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Health first—prioritizing children’s health for a better future

After a week of fighting dengue fever, Melany Caday‟s two sons are finally out in the hospital.

Melany, 40, cannot hide her relief even after seeing their hospital bill.

Normally, she would fret about where to borrow money to cover for the payment of the bills whenever a member of their family is hospitalized. As a „kakanin‟ vendor and a beauty product dealer with a husband who is an on-call construction worker, she admits to not having enough savings for emergency purposes such as this.

But at that time, she had no worries.

 

Prioritizing the health of the family

Melany, a resident of Brgy. Cometa in the island municipality of Quezon, Quezon Province, animatedly shares how she‟s not afraid to bring family members to the hospital even when she knows they have no extra cash.

“Noon, madalas na magkasakit ang mga anak ko pero talagang dinadala ko sila sa ospital kapag nagkakasakit na. Ang sa akin, importante na maging ligtas sila, kaya kahit walang pera, sige lang. Bahala na kaming dumiskarte „pag lalabas na,” she said.

Today, however, Melany is grateful that she no longer has this problem.

As a beneficiary of the Pantawid Pamilyang Pilipino Program, Melany‟s family has been entitled to the National Health Insurance Program (PhilHealth).

The Pantawid Pamilya is a human capital development program of the national government that provides conditional cash grants to qualified poor families to support zero to 18 years old children‟s needs on health, nutrition and education.

Since beneficiaries of the program are based on the database of poor households of the DSWD‟s National Household Targeting System for Poverty Reduction, now Listahanan, which is the basis of the identification of PhilHealth‟s sponsored program for those needing urgent assistance, all Pantawid Pamilya beneficiaries and their qualified dependents were automatically enrolled through PhilHealth Circular No. 24, Series of 2012.

Beginning 2012, all Pantawid Pamilya beneficiaries can avail benefits including primary care package, inpatient and outpatient care services, and No Balance Billing Policy.

This was great news for Melany as this greatly supported her concern for the health of her family.

Last November, Melany‟s two sons—Ken Manuel, 13 and Daniel, 11—were confined in a hospital in Gumaca town. Because of her family‟s sponsored PhilHealth membership, the insurance covered every peso of their PhP20,000 bill.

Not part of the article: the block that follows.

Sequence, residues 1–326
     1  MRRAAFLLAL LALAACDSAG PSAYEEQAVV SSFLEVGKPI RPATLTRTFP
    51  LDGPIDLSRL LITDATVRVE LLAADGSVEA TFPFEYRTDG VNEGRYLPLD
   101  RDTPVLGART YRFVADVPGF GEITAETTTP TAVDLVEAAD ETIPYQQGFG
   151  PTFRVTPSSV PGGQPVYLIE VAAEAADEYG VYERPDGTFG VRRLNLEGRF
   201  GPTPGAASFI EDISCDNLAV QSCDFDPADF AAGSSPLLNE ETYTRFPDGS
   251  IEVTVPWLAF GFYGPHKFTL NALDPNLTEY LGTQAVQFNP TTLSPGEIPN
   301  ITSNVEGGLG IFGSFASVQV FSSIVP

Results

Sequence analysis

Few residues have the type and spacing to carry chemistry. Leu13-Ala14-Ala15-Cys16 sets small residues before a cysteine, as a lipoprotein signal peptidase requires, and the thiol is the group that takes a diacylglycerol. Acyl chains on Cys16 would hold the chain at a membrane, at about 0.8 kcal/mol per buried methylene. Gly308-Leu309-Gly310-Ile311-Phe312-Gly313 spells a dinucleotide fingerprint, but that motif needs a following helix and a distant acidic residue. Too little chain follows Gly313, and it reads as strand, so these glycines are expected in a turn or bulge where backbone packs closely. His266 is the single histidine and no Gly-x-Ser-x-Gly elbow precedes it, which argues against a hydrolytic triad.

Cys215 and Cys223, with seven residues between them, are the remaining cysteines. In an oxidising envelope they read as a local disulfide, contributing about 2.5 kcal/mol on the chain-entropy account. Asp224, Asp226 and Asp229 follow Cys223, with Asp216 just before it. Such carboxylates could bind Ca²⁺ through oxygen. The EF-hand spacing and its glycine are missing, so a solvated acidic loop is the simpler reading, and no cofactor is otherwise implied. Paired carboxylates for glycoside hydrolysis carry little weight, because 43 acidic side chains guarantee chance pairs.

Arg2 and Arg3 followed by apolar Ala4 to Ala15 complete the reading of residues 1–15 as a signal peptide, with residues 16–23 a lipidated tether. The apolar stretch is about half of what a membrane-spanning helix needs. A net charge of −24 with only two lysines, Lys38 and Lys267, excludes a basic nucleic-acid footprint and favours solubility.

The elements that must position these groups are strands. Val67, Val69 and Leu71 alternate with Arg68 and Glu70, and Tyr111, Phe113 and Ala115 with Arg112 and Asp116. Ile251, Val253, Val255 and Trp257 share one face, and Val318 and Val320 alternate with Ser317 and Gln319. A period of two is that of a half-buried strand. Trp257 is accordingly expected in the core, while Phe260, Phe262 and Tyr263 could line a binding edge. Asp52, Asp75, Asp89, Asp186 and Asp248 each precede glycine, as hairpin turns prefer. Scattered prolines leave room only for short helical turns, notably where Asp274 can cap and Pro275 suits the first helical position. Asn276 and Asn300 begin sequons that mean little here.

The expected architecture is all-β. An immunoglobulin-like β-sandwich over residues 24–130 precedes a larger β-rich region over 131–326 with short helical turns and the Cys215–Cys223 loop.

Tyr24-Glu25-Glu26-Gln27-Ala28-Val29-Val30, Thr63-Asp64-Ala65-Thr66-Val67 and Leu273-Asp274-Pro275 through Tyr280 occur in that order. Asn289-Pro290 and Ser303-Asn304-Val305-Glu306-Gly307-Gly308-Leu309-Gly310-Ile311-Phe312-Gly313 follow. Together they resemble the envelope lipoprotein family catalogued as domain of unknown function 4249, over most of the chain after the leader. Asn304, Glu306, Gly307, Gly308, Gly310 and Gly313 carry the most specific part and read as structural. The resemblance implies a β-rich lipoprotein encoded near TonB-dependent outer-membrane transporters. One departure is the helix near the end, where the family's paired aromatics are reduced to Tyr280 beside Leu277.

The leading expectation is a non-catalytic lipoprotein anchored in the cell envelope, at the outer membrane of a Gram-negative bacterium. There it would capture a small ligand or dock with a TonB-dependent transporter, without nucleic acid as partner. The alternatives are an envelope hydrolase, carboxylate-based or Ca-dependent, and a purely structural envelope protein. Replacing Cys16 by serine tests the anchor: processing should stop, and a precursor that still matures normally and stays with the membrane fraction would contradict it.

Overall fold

“Kung walang PhilHealth, hindi ko talaga kayang magbayad ng PhP20,000 paglabas namin ng ospital. Napakalaking tulong po na hindi na kami mangungutang at poproblemahin pa ang pambayad sa opsital,” she gratefully shared.

 

Importance of good health

For Melany, investing on the health of her children is a priority as it is where everything starts.

“Napaka-importante na napapangalagaan ang kalusugan ng pamilya, lalong lalo na ang mga bata. Sa kanilang maayos na kalusugan, hindi sila uma-absent sa school at madali silang natututo,” said Melany, who thanks the Pantawid Pamilya for emphasizing to every parent the importance of the health besides the education of the children.

Further, she mentions the Family Development Sessions (FDS) of the Pantawid Pamilya program that parent-grantees like her attend to monthly.

“Mas napalakas ng aming mga pag-aaral sa FDS ang pagpapahalaga ng mga magulang sa kalusugan ng mga bata katulad ng regular na pagpapacheck-up, paghahanda ng masustansyang pagkain at paglilinis ng kapaligiran,” Melany added.

In the implementation of the Pantawid Pamilya program, household-beneficiaries are provided with PhP500 monthly health grant to support the health needs of children, especially those zero to five years old. The provision of the said grant is granted to the household upon compliance to program conditions such as monthly preventive health checkups and monthly attendance to FDS.